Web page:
The Cookbook Collector by Allegra Goodman
|The Cookbook Collector by Allegra Goodman|
|Category: General Fiction|
|Reviewer: Louise Laurie|
|Summary: A gentle yet investigative book about emotions between two very different sisters, told with plenty of freshness and honesty.|
|Buy? Yes||Borrow? Yes|
|Pages: 416||Date: February 2011|
|Publisher: Atlantic Books|
|External links: Author's website|
The Cookbook Collector is all about emotions. Concentrating on two, young, American women who are vastly different in many areas of their lives and also on their outlook on life, Goodman digs deeper to find out what makes them tick - what makes them get up in the morning.
The title is certainly creative and as you'd expect, food and cooking do feature quite heavily, but with a light touch by Goodman. She centres on her two main characters, Emily and younger sister Jess, by giving her readers chunky chapters all about their background and past history. And I could see that a strong theme running throughout is about the choices made - and perhaps more importantly, why they were made.
The writing style is gentle but investigative. We soon learn that Jess is a 'tree-hugger' amongst other things. She cares deeply about the environment and makes her own personal commitments for a 'better world.' She's also a student of philosophy and in order to help pay the rent and buy the groceries (and yes, there's brown rice and lentils) she works part-time in a rather old-fashioned bookshop. Goodman spends a lot of time on descriptive text. Therefore we know what Jess looks like, what her apartment looks like, what her co-renters look like...
And as the two sisters (who live fairly close to each other) get together in the opening chapters, we hear Jess say to Emily So Emily ... what's it like being rich? And we find out by degrees that Emily is a no-nonsense, level-headed individual who is riding the very successful dot.com bubble. And as we get a closer look at Emily and her super-smart colleagues, we're drawn into all things financial. And it's here that I felt Goodman delivered her best lines. The reader is surrounded by mainly young men barely out of short trousers but who, with their magic fingers on the computer keyboard are now rolling in it. Cash. Dollars. So we see a lot of conspicuous consumption going on. But what we also see is arrogance; young men not willing to respect their older colleagues (what does a 50 year old know, for Christ's sake?) would be a stock comment.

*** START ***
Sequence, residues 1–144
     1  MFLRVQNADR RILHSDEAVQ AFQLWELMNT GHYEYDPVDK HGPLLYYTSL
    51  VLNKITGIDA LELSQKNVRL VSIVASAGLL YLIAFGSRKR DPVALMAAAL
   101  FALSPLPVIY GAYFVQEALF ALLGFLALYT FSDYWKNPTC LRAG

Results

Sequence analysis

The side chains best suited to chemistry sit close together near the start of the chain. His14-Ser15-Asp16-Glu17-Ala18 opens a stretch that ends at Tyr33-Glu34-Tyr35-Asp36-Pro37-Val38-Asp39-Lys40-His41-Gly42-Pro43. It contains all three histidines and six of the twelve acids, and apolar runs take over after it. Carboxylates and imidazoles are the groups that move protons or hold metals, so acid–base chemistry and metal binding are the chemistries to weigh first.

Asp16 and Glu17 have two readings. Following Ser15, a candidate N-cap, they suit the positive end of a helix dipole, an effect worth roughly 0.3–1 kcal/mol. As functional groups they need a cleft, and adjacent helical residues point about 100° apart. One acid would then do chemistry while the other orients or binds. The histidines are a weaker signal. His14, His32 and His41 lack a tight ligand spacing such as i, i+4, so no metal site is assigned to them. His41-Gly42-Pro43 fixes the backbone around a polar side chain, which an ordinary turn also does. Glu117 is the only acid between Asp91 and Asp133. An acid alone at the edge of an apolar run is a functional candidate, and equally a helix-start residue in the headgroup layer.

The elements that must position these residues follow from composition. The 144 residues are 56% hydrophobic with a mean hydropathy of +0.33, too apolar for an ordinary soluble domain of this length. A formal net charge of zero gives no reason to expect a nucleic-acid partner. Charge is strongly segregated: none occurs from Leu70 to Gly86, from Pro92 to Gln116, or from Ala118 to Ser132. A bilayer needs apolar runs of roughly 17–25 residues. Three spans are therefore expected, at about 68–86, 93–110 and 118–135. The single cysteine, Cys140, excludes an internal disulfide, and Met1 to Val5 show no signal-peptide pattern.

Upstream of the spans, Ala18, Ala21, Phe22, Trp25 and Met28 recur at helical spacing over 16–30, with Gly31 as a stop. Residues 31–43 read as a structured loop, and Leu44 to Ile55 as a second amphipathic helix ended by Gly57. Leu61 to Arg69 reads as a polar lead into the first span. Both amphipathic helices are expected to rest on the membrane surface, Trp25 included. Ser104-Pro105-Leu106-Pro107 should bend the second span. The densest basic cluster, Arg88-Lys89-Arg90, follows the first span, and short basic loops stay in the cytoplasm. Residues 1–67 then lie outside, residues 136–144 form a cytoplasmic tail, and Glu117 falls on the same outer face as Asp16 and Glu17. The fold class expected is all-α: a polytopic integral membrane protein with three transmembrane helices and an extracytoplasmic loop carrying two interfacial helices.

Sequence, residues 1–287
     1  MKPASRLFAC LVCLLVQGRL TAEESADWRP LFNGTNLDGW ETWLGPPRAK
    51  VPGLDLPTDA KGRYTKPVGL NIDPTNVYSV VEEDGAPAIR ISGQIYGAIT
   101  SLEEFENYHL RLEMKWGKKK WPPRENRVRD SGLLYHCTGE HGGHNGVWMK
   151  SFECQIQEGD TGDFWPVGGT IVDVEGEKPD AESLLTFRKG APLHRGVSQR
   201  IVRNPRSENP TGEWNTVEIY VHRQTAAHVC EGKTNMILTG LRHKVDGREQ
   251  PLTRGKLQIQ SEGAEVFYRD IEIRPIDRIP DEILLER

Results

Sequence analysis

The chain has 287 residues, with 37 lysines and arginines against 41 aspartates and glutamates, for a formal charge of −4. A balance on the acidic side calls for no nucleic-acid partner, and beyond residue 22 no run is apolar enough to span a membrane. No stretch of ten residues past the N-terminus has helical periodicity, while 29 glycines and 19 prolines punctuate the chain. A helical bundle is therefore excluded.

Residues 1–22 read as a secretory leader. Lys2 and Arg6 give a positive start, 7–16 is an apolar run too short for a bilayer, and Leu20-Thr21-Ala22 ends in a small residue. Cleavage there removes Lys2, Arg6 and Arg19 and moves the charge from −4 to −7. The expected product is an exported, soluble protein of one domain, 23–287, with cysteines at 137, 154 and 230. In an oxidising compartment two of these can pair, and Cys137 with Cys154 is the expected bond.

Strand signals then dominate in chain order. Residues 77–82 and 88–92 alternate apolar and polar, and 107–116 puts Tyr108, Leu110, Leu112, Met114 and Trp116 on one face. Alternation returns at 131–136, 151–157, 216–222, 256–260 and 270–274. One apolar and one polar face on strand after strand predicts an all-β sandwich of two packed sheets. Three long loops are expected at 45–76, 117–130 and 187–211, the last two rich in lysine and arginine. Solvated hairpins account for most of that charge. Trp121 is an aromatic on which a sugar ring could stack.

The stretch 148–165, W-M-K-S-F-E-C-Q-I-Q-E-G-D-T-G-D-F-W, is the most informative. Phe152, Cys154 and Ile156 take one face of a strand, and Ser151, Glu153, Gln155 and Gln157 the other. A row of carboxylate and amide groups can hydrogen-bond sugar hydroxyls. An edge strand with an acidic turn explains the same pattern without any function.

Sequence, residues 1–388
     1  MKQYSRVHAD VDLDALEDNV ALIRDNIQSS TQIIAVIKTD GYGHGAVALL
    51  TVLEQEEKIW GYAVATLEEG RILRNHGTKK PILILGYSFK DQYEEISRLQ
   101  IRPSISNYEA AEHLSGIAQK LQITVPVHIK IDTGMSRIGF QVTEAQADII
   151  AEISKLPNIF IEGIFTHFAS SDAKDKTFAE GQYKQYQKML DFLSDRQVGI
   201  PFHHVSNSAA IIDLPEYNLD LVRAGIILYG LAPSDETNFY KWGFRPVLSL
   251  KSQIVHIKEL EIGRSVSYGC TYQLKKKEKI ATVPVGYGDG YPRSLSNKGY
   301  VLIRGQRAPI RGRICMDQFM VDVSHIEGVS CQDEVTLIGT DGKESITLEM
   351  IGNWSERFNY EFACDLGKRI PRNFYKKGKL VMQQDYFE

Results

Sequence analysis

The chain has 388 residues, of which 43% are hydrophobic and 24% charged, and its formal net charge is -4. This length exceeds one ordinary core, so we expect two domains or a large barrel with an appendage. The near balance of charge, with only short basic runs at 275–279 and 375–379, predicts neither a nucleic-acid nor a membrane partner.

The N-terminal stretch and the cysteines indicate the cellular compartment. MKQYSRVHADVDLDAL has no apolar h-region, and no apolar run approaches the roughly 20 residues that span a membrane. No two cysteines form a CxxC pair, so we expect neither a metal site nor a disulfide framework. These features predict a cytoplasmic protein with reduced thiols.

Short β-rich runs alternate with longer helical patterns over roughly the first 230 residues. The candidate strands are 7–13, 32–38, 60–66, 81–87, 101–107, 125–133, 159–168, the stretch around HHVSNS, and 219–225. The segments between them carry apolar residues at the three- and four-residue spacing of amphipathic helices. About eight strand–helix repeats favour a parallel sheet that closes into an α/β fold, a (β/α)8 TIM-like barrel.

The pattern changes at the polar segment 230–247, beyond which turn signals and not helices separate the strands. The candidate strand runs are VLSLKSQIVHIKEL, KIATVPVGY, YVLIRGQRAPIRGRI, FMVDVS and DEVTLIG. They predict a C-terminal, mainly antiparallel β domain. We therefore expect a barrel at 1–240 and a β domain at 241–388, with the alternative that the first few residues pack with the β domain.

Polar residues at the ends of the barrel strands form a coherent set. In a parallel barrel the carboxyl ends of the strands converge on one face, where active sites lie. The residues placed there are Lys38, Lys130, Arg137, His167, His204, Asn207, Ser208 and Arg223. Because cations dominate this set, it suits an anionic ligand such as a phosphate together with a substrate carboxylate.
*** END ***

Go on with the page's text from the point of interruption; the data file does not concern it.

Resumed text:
As the story deepens and develops we see the two worlds of Emily (corporate) and Jess (environmental). Could there be some sort of compromise here? Or will there be an almighty explosion at some point? All is revealed by Goodman in her own good time. At the heart of this story is love, happiness, a meaningful future. What most of us want, really. Emily has a hot-shot boyfriend and everything in her life seems to be going to plan. But not everything in life can be planned, written in a diary, can it? Life's not like that. I loved the freshness and honesty of Jess - but is she too honest for her own good? There are some nice twists and turns along the narrative to keep the reader engaged.
While Goodman's style is light and easy, I did find her at times a little irksome when she tended to waffle a bit and became too wordy. The front cover says this book is Irresistible ... but personally speaking, I wouldn't go that far in my praise. Overall, a pleasant, engaging read.
Thanks to the publishers for sending it to Bookbag.
If you enjoyed The Cookbook Collector, you'll also like Comfort Food by Kate Jacobs.
You can read more book reviews or buy The Cookbook Collector by Allegra Goodman at Amazon.co.uk
You can read more book reviews or buy The Cookbook Collector by Allegra Goodman at Amazon.com.
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